(Madrid) In power for five years in Spain, Pedro Sánchez was reappointed Thursday by Parliament at the head of a country deeply divided by the Prime Minister’s decision to grant an amnesty law to Catalan separatists, in exchange for their support.
After two days of tense parliamentary debates, the socialist, who has proven in recent years his ability to survive politically, obtained the votes of 179 deputies, a number greater than the absolute majority set at 176.
“The confidence of the Chamber (of deputies) has been placed in Pedro Sánchez,” declared its president, Francina Armengol, to applause from the left benches.
This inauguration ends nearly four months of blockage since the legislative elections of July 23 and will allow Mr. Sánchez, 51, to form a new government with his allies in the far-left Sumar coalition.
Pedro Sanchez will take the oath of office before King Felipe VI on Friday at 10 a.m. (4 a.m. Eastern Time), the Royal Palace said.
Coming second in the July election, behind his conservative rival Alberto Núñez Feijóo, the Prime Minister has had to negotiate in all directions in recent weeks for the support of several regionalist groups, whose voices are crucial in a very fragmented Parliament.
In particular, he had to convince the party of Catalan separatist Carles Puigdemont, leader of the attempted secession of Catalonia in 2017, who fled to Belgium six years ago to escape legal proceedings launched against him.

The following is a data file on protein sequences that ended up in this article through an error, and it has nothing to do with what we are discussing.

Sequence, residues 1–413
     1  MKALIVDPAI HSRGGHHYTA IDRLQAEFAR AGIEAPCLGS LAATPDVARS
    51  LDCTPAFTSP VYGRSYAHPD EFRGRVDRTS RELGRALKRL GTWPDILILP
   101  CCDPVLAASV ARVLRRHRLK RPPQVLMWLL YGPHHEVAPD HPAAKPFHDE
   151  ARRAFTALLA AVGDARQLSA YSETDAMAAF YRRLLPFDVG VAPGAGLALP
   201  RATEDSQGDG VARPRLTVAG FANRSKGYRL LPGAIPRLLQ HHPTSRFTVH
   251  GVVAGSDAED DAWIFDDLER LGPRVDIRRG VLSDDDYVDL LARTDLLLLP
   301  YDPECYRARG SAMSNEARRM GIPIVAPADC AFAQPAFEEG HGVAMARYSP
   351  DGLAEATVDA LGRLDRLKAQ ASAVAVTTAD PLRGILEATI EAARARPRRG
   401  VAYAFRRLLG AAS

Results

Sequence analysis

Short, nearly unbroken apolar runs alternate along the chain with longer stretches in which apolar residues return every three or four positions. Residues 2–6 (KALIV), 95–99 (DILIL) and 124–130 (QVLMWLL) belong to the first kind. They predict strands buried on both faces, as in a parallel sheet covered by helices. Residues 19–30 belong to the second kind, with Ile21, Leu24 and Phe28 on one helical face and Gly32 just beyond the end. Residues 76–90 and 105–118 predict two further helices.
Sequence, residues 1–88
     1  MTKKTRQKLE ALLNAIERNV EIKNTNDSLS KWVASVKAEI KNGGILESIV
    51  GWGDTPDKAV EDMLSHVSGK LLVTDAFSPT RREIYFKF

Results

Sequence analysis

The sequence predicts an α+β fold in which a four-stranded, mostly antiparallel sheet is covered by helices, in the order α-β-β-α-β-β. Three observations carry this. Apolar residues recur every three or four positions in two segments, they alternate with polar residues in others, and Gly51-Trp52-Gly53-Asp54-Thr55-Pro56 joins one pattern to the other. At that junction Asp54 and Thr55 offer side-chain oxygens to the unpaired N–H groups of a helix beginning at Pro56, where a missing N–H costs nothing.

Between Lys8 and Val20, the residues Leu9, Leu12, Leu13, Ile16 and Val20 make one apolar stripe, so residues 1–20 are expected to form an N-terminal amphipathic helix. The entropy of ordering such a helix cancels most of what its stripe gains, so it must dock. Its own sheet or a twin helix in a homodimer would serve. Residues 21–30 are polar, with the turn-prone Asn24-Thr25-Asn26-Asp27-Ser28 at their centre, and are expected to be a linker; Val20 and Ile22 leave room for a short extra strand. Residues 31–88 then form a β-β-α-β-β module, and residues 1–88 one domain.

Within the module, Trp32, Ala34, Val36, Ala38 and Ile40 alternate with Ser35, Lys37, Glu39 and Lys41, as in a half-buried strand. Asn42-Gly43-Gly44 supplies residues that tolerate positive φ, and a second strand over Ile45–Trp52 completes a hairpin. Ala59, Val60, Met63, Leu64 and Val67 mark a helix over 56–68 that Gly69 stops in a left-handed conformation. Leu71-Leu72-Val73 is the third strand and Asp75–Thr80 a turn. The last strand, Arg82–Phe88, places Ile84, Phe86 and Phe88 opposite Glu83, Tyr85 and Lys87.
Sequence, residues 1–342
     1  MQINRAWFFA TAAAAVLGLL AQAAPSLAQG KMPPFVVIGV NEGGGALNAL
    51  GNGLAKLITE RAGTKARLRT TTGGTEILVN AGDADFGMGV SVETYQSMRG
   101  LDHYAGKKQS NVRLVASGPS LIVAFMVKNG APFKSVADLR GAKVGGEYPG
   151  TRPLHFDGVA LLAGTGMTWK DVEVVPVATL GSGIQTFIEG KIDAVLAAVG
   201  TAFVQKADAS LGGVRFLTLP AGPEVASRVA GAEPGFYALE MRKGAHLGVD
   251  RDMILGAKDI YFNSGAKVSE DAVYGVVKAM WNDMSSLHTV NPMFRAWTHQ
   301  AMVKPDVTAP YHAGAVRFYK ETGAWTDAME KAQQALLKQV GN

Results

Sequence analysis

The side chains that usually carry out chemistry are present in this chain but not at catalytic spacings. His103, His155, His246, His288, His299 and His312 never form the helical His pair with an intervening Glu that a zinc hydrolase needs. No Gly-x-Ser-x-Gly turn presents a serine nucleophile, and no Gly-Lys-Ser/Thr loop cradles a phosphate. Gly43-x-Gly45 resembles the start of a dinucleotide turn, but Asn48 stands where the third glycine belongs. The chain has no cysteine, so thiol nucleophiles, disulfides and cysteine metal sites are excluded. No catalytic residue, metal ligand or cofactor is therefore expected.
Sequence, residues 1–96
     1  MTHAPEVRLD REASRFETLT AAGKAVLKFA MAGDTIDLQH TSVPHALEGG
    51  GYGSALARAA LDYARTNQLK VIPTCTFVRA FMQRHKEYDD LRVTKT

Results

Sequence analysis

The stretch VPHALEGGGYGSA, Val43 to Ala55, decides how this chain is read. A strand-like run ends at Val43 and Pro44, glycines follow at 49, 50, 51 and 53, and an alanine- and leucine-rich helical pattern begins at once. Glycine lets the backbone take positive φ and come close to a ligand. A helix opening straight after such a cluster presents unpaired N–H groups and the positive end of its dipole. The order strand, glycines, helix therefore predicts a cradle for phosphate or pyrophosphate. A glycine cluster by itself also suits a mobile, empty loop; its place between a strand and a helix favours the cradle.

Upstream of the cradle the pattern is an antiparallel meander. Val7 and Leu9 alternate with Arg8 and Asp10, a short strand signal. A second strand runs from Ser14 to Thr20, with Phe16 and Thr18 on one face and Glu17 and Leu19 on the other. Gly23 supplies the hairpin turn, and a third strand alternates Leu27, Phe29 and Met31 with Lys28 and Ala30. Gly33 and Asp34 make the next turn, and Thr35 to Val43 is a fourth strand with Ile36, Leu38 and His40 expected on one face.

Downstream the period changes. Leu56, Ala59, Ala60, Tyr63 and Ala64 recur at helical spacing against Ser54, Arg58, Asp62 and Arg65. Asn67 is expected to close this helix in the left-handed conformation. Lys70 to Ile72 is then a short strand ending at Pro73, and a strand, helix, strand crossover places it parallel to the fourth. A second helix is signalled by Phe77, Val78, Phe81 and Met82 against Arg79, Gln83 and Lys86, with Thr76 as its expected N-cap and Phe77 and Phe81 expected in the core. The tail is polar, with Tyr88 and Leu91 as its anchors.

Agreeing, after intense negotiations, to support Mr. Sánchez, Mr. Puigdemont obtained, in exchange for the votes of the seven deputies of his party, the upcoming adoption of an amnesty law for hundreds of separatists pursued by Justice. A measure that will allow him to return to Spain.
“Close the wounds”
Exposing to deputies the priorities of his new mandate, clearly marked on the left with numerous social promises, Pedro Sánchez defended on Wednesday the necessity and constitutionality of this amnesty, to which he was nevertheless opposed in the past.
This measure will make it possible to “close the wounds” opened by the 2017 crisis, declared the Prime Minister, assuring that he wanted to guarantee “the unity of Spain through dialogue and forgiveness”.
Mr. Feijóo’s Popular Party (PP) accuses the socialist of having conceded with the sole aim of remaining in power and raises the risk that Spain will find itself in the sights of the EU, like of Hungary or Poland, due to the attack on the rule of law that this measure constitutes, according to him.
The amnesty “undermines our international reputation and our democracy”, denounced Mr. Feijóo as he left the chamber.
At the call of the PP, hundreds of thousands of people took to the streets across the country on Sunday to say “no” to this measure which is rejected, according to several polls, by a majority of Spaniards.
A new mobilization is planned for Saturday in Madrid.
The daily rallies of the far right in front of the headquarters of the Socialist Party in Madrid have also steadily degenerated since last week. Nearly 4,000 people demonstrated Thursday evening, according to a provisional report from the prefecture.
Due to these tensions, more than 1,600 police officers were deployed on Wednesday and Thursday to protect Parliament, which was completely sealed off. A system equivalent to that of a football match classified as high risk.
In this context, Mr. Sánchez called on the opposition not to “take advantage of this situation to set fire to the streets.”
A sign that the heterogeneous majority supporting the socialist promises to be unstable, Mertxe Aizpurua, the representative of Bildu, warned that the favorable vote of her party, considered as the heir to the political showcase of the Basque separatist organization ETA, will not was not “a blank check”.
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